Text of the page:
Labor Day 2021 falls next Monday, September 6. We here at The Crossroads Chronicle will be closed in observance of the holiday. Advertising and editorial deadlines have been bumped up one business day so if you have something you’d like to be included in our September 8 paper, please contact someone on our staff by Friday, September 3.
A brief explanation
If we’re being honest, most of us love a day off work. Labor Day provides that for many Americans. However, do you know what this holiday is actually about? If you don’t, keep reading! Let us fill you in.
Always held on the first Monday in September, Labor Day is a national holiday here in the United States. For many people, it’s symbolic of the end of summer and the start of a new school year, celebrated with barbecuing and shopping.
However, Labor Day was envisioned by its founders as a celebration of the American worker and the great American work ethic. A creation of the labor movement in the late 1800s, the first Labor Day celebrations were parades to show the public “the strength and esprit de corps of the trade and labor organizations” of the community, followed by festivals designed for the recreation and amusement of the workers and their families. Speeches by prominent union officials, industrialists, educators, clerics, and government officials were among the day’s highlights.
In the U.S., the first Labor Day parade was held Tuesday, September 5, 1882 in New York City. By 1894, 23 more states had adopted the holiday and on June 28, 1894, President Grover Cleveland signed a law making the first Monday in September a legal national holiday every year.
Labor Day was all about the American workforce, the driving engine behind the most productive economy in the world, and a work ethic that resulted in one of the highest standards of living in the world. All of this came out of a belief in economic and political democracy. Of course, Labor Day not only celebrated workers but also protected their quality of life, addressing the problems of the day—from long working hours to lack of time off.
So, by this point, you might be wondering who started Labor Day… And that’s fair enough. History records reflect that Labor Day was the idea of Peter J. Maguire (although recent research has shown that it might have been his brother Matthew’s idea), a labor union leader who, in 1882, proposed a celebration honoring the American worker. Maguire was the general secretary of the Brotherhood of Carpenters and Joiners and a co-founder of the American Federation of Labor. The date chosen was simply “convenient.” Maguire suggested that this date would nicely fall “nearly midway between the Fourth of July and Thanksgiving.”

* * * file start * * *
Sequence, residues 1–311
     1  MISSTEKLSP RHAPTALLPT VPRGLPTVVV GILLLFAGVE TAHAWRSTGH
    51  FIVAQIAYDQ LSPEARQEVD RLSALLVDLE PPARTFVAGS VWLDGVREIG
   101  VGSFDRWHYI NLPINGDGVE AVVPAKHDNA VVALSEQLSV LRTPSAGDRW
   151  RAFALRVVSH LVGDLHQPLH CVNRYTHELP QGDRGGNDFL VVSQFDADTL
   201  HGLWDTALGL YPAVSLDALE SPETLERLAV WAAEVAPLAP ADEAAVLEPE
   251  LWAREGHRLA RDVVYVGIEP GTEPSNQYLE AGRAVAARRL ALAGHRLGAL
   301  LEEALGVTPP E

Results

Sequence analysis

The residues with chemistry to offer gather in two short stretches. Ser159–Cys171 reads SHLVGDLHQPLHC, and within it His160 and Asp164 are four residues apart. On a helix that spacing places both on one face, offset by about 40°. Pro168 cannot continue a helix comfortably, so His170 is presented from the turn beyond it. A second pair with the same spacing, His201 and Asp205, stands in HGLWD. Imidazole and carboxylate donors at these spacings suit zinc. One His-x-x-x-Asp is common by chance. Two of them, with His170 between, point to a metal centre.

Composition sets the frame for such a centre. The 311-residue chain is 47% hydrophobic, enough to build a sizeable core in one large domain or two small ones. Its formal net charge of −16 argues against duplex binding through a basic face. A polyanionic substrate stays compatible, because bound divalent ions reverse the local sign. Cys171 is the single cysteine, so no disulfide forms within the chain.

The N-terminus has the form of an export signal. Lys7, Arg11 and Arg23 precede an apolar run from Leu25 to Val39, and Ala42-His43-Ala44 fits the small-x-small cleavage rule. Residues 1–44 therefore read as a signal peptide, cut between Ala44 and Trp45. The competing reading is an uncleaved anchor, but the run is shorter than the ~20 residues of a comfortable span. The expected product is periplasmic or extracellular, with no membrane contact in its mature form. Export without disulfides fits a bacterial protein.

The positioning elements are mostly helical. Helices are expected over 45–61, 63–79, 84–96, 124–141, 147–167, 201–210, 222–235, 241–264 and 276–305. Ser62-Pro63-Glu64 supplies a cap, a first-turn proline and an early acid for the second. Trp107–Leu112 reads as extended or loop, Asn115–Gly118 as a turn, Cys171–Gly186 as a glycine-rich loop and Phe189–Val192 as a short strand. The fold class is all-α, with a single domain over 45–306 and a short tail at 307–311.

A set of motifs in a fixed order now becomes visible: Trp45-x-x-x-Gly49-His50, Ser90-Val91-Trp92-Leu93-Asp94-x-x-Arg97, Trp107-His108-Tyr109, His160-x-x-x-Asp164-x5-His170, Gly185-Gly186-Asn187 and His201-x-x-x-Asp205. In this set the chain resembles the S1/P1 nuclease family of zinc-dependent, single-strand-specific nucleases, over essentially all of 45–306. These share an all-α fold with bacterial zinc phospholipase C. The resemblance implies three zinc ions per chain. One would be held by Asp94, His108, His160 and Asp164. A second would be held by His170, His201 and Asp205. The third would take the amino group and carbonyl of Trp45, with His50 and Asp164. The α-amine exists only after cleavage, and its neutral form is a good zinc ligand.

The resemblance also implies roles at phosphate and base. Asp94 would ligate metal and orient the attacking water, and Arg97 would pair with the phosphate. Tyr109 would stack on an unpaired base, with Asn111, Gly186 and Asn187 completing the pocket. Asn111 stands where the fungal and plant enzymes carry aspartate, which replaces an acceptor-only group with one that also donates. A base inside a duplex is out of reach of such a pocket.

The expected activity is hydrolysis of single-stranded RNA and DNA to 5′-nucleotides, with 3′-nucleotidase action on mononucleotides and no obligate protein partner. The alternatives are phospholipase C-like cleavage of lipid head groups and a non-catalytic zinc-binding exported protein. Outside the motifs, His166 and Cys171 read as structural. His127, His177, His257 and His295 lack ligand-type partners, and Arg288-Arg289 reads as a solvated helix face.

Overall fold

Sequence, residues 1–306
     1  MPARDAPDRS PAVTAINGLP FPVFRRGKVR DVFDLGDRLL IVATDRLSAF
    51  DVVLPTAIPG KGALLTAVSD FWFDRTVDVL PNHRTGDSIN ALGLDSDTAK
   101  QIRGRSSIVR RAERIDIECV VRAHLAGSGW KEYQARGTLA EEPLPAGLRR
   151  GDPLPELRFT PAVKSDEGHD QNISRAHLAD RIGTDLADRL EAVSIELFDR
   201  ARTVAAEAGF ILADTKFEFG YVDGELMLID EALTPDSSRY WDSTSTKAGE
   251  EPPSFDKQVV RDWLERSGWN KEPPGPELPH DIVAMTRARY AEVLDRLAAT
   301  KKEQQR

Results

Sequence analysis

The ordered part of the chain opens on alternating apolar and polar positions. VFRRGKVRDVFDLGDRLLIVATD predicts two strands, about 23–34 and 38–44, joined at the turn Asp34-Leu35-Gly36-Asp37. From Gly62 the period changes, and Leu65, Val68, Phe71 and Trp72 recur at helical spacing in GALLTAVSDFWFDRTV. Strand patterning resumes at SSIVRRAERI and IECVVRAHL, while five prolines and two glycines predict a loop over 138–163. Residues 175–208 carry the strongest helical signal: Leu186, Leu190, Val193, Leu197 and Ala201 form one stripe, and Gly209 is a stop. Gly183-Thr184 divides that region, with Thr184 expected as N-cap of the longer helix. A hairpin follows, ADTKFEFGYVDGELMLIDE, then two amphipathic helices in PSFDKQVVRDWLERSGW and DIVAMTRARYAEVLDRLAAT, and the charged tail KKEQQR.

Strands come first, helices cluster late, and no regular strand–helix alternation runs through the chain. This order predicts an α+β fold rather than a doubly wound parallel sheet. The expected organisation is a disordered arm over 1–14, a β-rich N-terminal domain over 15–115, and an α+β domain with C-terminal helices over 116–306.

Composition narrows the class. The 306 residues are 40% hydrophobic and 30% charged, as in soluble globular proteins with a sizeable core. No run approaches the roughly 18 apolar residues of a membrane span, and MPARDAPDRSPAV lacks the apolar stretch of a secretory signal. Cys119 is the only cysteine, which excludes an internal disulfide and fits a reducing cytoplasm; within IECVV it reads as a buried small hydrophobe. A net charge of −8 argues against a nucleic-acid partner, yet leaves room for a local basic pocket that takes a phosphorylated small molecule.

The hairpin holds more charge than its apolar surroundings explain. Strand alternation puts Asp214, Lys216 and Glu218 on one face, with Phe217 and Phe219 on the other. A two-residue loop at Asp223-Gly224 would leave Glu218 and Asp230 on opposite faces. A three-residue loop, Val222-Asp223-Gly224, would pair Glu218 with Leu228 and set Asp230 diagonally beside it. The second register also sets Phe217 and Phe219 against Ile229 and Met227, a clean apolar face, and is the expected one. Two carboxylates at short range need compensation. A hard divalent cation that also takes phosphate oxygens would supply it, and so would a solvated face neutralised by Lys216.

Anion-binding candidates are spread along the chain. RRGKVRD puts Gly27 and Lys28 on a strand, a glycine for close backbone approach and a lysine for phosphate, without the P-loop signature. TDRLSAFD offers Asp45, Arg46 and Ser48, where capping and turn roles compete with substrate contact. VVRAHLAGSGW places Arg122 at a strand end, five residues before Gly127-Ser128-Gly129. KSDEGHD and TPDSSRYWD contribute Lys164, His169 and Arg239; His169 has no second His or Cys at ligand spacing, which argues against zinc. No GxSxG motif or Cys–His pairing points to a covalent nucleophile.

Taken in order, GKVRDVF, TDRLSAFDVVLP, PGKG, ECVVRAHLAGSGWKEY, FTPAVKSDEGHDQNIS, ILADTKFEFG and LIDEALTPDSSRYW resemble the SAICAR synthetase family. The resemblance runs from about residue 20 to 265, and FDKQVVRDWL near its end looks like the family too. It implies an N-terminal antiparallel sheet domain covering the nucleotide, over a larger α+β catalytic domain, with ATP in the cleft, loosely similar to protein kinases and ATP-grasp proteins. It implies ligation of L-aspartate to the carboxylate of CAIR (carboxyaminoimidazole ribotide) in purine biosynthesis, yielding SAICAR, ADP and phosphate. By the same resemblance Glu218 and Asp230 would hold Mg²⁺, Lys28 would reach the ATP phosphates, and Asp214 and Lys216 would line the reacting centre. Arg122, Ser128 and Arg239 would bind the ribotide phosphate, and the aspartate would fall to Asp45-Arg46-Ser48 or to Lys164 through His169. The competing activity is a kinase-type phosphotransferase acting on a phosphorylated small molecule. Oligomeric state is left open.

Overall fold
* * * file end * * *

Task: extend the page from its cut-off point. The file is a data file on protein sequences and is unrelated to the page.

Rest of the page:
Recent research indicates that Matthew Maguire, later the secretary of Local 344 of the International Association of Machinists in Paterson, New Jersey, proposed the holiday in 1882 while serving as secretary of the Central Labor Union in New York. What historians do know is that the Central Labor Union adopted a Labor Day proposal and made it happen!
By this point, you might be wondering how we’re supposed to observe Labor Day. Again, fair enough.
Although the focus on organized labor has diminished over the years, the holiday has become the last hurrah of summer—with a barbecue and day off work for many Americans. Even though the American workforce has changed dramatically since the Industrial Revolution, many Americans still work more hours and take less vacation than our western counterparts. We are constantly connected to our jobs with little respite; we all desire a good standard of living.
So, whether you work on a farm, at a plant, in an office, or at a home business, we hope you will take this day of honor, find some work/life balance, and reflect on your good work. After all, at work is where and how we spend the majority of our time!
Also, take a moment to reflect on this history and the many American workers who came before us—to build our railways, roads, infrastructure, and more. Then, go to a picnic or barbecue as our ancestral workers did so many years ago!